A little while later we found ourselves waiting further in Belize City having still not set off. It turned out we were waiting for a television producer for the trip was the be shown on TV here in Belize. Being the only foreigners on board (except a delightfully funny woman from the Bronx originally from Belize anyway) we drew quite a bit of attention. I’d love to see the end cut someday.

The tubing itself was great fun, floating through a cave system in the Belizean mountains with just the lights of head torches to see where you’re headed. I highly recommend it! Our guides were excellent and typically Belizean, laid back, friendly, witty as well as informative.

Then comes the bad luck. On our return to Belize our intention was for me to dive the Blue Hole – long regarded as the world’s best dive site. After emailing a few places I thought I’d found a company doing the trip from Placencia. This turned out to be cancelled due to a lack of numbers while two further trips have been cancelled too due to the bad weather – it seems the rainy season has set in here a few weeks earlier than expected. I can’t put into words how disappointed I am!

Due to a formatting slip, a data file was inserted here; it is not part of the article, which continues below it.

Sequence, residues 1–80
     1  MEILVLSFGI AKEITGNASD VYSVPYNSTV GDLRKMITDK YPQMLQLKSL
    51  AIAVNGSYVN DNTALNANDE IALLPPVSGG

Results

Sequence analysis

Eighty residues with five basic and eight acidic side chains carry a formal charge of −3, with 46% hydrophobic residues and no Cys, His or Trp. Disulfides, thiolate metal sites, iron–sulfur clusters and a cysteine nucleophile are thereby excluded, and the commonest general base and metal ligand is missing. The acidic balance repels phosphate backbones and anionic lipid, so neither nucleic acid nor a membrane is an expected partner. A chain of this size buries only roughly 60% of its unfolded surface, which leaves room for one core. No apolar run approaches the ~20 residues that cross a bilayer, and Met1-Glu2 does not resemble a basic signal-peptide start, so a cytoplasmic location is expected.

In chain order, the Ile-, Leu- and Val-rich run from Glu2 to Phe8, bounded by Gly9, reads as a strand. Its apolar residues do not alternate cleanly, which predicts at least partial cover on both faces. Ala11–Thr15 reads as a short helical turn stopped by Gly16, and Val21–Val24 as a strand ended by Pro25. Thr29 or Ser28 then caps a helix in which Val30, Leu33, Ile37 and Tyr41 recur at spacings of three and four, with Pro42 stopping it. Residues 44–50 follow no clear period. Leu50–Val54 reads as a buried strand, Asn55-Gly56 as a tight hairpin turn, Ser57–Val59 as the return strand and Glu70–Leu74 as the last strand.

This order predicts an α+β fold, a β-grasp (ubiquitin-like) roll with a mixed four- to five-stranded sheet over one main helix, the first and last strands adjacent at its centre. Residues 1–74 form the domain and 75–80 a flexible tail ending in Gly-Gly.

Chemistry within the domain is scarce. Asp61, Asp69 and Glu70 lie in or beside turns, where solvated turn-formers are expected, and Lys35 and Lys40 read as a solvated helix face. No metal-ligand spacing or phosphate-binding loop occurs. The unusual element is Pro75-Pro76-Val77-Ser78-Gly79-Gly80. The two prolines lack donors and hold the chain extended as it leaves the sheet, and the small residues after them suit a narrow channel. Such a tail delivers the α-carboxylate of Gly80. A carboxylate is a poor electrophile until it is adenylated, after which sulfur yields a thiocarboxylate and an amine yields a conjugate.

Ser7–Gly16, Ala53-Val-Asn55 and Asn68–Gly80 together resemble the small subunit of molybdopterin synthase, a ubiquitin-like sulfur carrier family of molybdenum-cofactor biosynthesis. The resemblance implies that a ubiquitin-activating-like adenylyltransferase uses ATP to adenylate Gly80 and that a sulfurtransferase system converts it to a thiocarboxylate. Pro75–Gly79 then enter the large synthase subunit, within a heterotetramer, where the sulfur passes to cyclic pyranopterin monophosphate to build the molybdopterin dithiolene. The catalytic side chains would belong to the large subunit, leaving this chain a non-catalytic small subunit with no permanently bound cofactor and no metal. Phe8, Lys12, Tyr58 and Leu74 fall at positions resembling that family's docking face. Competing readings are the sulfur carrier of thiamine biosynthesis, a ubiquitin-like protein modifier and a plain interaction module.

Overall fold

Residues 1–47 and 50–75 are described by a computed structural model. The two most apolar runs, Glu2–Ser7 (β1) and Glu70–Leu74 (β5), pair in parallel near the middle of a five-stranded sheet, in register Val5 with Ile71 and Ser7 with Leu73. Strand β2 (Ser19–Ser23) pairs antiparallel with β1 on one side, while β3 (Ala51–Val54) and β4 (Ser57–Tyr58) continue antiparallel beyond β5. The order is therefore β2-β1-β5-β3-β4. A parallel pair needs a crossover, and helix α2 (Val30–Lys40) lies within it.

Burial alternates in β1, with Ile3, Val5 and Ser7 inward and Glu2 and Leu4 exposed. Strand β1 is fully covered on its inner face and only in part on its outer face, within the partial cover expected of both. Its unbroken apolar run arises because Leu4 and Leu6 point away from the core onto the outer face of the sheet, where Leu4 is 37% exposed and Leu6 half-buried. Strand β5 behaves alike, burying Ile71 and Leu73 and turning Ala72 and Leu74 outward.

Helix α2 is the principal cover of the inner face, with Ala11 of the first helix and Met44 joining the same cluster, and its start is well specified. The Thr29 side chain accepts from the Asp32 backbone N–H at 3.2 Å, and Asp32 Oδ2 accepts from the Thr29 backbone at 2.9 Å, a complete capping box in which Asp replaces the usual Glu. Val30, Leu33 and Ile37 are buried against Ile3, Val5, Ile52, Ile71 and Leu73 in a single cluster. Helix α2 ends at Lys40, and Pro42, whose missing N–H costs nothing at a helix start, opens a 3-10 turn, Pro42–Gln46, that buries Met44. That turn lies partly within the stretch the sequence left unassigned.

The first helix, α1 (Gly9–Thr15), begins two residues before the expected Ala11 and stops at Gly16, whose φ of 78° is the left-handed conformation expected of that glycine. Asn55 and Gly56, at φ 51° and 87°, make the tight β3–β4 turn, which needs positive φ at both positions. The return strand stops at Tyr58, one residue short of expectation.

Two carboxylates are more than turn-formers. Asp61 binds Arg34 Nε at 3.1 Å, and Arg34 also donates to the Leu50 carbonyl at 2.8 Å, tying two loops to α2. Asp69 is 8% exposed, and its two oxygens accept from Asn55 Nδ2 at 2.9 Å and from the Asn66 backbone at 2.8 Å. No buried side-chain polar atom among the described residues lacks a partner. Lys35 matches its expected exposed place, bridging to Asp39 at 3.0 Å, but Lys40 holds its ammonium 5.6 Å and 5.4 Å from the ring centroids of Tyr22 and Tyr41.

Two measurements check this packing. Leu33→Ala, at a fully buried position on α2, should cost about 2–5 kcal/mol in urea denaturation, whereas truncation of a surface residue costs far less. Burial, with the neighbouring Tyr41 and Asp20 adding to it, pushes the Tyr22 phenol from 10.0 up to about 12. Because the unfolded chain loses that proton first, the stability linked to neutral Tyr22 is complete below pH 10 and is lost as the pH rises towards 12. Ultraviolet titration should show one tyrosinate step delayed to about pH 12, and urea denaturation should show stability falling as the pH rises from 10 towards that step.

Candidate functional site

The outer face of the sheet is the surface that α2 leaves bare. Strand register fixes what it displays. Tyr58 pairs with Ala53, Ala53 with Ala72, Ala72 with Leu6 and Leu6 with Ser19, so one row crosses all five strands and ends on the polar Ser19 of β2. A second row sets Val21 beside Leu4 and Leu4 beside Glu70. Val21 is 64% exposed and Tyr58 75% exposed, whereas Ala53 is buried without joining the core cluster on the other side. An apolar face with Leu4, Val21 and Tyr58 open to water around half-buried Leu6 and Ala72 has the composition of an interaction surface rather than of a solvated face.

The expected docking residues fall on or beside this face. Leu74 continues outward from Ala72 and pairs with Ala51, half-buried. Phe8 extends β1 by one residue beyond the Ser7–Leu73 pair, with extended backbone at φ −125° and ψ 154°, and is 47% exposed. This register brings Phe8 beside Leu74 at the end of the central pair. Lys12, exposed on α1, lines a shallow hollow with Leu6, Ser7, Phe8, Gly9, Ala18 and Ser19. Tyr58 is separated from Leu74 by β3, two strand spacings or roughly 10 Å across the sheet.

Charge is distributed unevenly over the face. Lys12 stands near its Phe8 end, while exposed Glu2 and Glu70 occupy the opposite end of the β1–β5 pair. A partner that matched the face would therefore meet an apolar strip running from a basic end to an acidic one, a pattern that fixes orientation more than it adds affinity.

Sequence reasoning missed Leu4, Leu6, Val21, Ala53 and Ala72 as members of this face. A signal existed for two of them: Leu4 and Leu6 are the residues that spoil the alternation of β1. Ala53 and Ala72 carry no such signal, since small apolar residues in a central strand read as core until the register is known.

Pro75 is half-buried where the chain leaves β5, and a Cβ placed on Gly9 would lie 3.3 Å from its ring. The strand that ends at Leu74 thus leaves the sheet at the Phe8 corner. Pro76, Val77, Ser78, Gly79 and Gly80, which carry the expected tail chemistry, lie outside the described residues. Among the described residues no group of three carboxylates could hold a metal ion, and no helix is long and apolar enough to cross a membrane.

Anyway, despite my highly anticipated dive being cancelled I still managed a trip out to the barrier reef, second only to the Great Barrier Reef in Australia. The diving in the rain was incredible, never have I seen so many Moray Eels, Lionfish and strikingly beautiful soft coral. Nor had I ever dived in the rain before, a slightly strange experience and after the hour long and back breakingly bumpy boat journey to reach the reef along with the 5ft swell, I can fully understand why the longer trip to the Blue Hole had been cancelled. 3 hours there, 3 hours back on a small boat leaping into the air would have made for a rather tough journey.

Sting Ray

There’s a Monty Python lesson in here somewhere – Always Look on the Bright Side of Life!